Perspective

final-summitIt’s not what you look at that matters, it’s what you see. ~Henry David Thoreau

As we approached the completion of our trek along Chimney Tops trail, the anticipation of triumph battled with the exhaustion in our legs for supremacy. After two miles and a steady ascent up 1400 feet, we could taste victory. Beholding the final climb, however, it became apparent that our hiking skills were no longer needed. We were now called upon to become rock climbers. Fatigue had taken the lead.

If you could transform yourself into any creature from the wild, which one would it be? I had been posed this question as a youngster in grade school. With so many options to choose from, which direction do I go? Do I choose the mighty strength of the lion? How about the swift speed of the cheetah? Or perhaps the resilient adaptability of the giraffe?

With all the obvious choices already taken, I was reluctant to follow another’s lead. Perhaps I should have chosen the stubbornness of a rhino. I was determined to be different and unique. With a little more thought and a flip through my virtual encyclopedia, I settled upon a bird. As I look back on that time in my life, I realize that although my bullheaded mind insisted on being different, a less obvious influence was at play. Perspective.

red-shouldered-hawkI have always been the person to look at something and twist it around like a pretzel. Looking at everyday occurrences from different angles, I am able to gain a deeper appreciation for what is right in front of my eyes. There is magic in everything. The ordinary can be extraordinary when you look at it with a fresh perspective. Like our avian friends soaring above, a birds-eye view often provides a fresh perspective on our daily lives.

Proud husband interlude 😉 My wife took this stunning photo of a red-shouldered hawk at the Viera Wetlands a few days ago. A talented artist, she has perfectly captured the beauty, majesty, and keen perspective of a bird in this one image that has not been altered in any manner. Way to go sunshine 🙂

Back to our conquest of the Chimney Tops trail. As we gathered our strength and began the final ascent, it became apparent that Mother Nature was intent on providing us with an additional challenge beyond the rocky terrain. Although a delicate breeze whistled through the trees, the blazing sun was heating the rock façade to temperatures worthy of a fried egg.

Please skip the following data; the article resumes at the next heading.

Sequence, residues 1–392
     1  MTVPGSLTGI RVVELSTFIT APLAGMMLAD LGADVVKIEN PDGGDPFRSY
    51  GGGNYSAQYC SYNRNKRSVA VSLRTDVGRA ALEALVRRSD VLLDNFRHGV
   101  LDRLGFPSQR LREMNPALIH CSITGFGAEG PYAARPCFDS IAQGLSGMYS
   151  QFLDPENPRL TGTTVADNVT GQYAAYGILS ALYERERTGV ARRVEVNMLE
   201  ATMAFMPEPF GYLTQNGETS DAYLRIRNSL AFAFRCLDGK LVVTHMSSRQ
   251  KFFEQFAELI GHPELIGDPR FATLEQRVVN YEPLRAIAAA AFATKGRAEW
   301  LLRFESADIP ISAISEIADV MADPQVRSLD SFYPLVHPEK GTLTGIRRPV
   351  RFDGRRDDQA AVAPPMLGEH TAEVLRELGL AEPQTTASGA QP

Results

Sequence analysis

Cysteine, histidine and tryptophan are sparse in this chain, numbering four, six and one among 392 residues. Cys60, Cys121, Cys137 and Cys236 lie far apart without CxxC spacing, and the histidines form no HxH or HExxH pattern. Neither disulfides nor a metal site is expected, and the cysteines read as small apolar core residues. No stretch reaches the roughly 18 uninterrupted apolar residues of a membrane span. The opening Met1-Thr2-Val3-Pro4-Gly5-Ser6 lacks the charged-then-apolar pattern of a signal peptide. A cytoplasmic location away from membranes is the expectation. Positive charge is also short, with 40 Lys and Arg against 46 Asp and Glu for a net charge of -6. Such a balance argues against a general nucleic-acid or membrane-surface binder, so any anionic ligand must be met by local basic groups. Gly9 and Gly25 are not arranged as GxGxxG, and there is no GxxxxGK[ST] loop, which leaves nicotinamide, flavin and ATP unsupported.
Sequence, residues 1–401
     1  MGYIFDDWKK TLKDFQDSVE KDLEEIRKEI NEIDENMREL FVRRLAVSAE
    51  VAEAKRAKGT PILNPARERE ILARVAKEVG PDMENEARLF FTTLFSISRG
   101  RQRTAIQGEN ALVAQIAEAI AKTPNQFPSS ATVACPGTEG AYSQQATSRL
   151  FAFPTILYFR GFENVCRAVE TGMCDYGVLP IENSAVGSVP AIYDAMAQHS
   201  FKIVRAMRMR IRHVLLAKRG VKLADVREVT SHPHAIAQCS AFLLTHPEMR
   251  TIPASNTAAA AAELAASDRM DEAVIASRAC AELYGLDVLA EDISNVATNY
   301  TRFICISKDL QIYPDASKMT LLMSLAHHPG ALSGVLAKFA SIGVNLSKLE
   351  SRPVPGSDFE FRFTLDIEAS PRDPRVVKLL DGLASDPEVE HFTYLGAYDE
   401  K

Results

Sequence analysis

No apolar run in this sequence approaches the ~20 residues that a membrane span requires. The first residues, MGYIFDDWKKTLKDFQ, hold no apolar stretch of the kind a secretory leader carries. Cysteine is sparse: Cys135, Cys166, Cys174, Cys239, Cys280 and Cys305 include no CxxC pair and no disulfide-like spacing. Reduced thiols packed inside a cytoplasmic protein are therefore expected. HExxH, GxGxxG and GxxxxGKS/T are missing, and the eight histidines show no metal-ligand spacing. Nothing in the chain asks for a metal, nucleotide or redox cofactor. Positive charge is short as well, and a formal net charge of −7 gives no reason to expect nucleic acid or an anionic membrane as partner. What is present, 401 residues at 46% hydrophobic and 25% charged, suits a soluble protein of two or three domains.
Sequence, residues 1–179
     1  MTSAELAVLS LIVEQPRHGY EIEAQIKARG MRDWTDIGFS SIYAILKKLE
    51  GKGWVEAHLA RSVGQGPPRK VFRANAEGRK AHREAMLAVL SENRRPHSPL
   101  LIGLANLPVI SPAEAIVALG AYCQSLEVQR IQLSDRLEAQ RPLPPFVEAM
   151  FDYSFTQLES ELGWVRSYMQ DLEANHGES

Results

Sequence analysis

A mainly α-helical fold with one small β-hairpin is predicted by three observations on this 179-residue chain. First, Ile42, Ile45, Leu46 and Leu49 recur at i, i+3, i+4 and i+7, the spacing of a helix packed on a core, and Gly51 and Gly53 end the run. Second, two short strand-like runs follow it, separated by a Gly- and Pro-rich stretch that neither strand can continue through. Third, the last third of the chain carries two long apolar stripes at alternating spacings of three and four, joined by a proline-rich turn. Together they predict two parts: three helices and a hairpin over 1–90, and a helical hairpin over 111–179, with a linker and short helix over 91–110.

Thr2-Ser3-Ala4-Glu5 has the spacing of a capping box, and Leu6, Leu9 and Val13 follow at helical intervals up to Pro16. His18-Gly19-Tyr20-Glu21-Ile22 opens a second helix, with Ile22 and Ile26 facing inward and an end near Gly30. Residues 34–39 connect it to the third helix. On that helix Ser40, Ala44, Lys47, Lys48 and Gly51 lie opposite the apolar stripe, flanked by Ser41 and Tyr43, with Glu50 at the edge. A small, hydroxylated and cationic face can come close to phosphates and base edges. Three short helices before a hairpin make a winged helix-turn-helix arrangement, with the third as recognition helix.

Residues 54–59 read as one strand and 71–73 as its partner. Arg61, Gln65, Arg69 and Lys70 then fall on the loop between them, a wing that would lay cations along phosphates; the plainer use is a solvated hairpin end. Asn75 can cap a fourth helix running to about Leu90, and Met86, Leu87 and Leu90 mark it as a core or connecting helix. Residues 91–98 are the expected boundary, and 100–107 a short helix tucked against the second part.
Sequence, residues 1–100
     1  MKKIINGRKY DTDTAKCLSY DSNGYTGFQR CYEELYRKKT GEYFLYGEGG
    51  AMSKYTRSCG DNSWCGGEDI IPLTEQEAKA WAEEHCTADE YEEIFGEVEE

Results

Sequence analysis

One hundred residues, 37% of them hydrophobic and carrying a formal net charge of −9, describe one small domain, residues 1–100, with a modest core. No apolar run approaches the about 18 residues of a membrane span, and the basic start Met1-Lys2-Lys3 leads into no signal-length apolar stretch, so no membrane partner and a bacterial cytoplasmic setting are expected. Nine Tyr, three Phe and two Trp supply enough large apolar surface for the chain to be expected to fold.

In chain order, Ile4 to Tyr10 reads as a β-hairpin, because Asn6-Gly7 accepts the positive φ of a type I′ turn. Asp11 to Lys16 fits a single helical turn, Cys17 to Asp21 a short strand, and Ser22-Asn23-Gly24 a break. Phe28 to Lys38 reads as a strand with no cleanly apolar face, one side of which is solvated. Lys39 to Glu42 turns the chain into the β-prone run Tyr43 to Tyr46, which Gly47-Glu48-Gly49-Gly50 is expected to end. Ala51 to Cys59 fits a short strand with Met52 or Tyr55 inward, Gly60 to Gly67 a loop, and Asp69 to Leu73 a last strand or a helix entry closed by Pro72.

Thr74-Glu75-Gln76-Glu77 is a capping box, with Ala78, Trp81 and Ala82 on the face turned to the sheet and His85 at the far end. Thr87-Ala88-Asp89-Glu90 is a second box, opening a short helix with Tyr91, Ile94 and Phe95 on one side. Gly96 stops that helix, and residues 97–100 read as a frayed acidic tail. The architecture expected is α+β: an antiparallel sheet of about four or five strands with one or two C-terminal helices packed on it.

In an effort to reach the summit and with the noblest of intentions, I began serving as director for my son. Put one foot here. Now, take your left hand and put it there. See that little crack over there. Good, put your right foot in there. With each step, we were closer to the summit, but the narrowing rocks also placed us closer to the edge. One careless step could have dire consequences to say the least. I would venture to say that I was the more anxious one.

After several attempts at a precarious juncture in our climb, my son finally caved in and dejectedly conceded that he just couldn’t do it. With tears streaming down his face, a figurative black cloud settled over us on that mountain. Crestfallen, it took every ounce of energy to focus on the return trip to the base of that final summit.

Never, never, never give up. ~Winston Churchill

The energy expended over those last several hours had left us fatigued, both physically and mentally. To be quite honest, at that point in time, I would have been happy to traverse back down the 2 mile trail and call it a day. I am glad that my son did not feel the same way. After much internal turmoil, his tenacity for setting a goal and reaching it shone through. That figurative black cloud over the mountain was lifted and a guiding light from the sun replaced it.

On that second attempt, my son was resolute and unswerving. His destiny was to reach that summit. Although my wife and I provided insight into the recommended steps, he ultimately chose his path. The route that made the most sense for him. In looking back on that afternoon, I learned a valuable lesson.

We all have our mountains to climb. We can take guidance and inspiration from those around us to help along the way. But, ultimately it is our path to blaze. When we are able to step back and look at things from a different angle, we adopt a new mindset that serves to shed light on the path we are meant to take. A path that is uniquely our own. And when we do reach that summit, the view gives us a new perspective on what it means to be on top of the world.

view-from-the-top

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